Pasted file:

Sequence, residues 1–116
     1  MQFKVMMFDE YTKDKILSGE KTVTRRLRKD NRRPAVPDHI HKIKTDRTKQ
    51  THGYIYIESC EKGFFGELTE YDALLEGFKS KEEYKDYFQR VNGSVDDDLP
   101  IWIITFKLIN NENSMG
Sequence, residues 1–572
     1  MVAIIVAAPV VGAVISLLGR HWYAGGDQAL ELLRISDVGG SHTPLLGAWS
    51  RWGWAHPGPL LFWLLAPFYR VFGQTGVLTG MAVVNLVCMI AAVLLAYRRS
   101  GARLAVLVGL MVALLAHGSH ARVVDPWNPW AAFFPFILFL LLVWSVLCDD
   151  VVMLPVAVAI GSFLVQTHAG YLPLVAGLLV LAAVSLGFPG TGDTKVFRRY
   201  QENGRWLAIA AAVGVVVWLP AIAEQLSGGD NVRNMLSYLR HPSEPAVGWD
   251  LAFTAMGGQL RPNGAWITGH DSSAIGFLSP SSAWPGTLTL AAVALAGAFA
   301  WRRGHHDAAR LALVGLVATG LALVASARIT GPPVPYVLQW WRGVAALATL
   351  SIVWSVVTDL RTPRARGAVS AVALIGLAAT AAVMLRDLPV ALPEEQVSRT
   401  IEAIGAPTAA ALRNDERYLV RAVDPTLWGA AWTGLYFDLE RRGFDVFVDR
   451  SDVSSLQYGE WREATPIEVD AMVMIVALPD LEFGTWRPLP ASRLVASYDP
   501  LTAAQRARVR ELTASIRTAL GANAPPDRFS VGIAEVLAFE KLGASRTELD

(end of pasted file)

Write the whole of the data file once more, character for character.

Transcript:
Sequence, residues 1–116
     1  MQFKVMMFDE YTKDKILSGE KTVTRRLRKD NRRPAVPDHI HKIKTDRTKQ
    51  THGYIYIESC EKGFFGELTE YDALLEGFKS KEEYKDYFQR VNGSVDDDLP
   101  IWIITFKLIN NENSMG
Sequence, residues 1–572
     1  MVAIIVAAPV VGAVISLLGR HWYAGGDQAL ELLRISDVGG SHTPLLGAWS
    51  RWGWAHPGPL LFWLLAPFYR VFGQTGVLTG MAVVNLVCMI AAVLLAYRRS
   101  GARLAVLVGL MVALLAHGSH ARVVDPWNPW AAFFPFILFL LLVWSVLCDD
   151  VVMLPVAVAI GSFLVQTHAG YLPLVAGLLV LAAVSLGFPG TGDTKVFRRY
   201  QENGRWLAIA AAVGVVVWLP AIAEQLSGGD NVRNMLSYLR HPSEPAVGWD
   251  LAFTAMGGQL RPNGAWITGH DSSAIGFLSP SSAWPGTLTL AAVALAGAFA
   301  WRRGHHDAAR LALVGLVATG LALVASARIT GPPVPYVLQW WRGVAALATL
   351  SIVWSVVTDL RTPRARGAVS AVALIGLAAT AAVMLRDLPV ALPEEQVSRT
   401  IEAIGAPTAA ALRNDERYLV RAVDPTLWGA AWTGLYFDLE RRGFDVFVDR
   451  SDVSSLQYGE WREATPIEVD AMVMIVALPD LEFGTWRPLP ASRLVASYDP
   501  LTAAQRARVR ELTASIRTAL GANAPPDRFS VGIAEVLAFE KLGASRTELD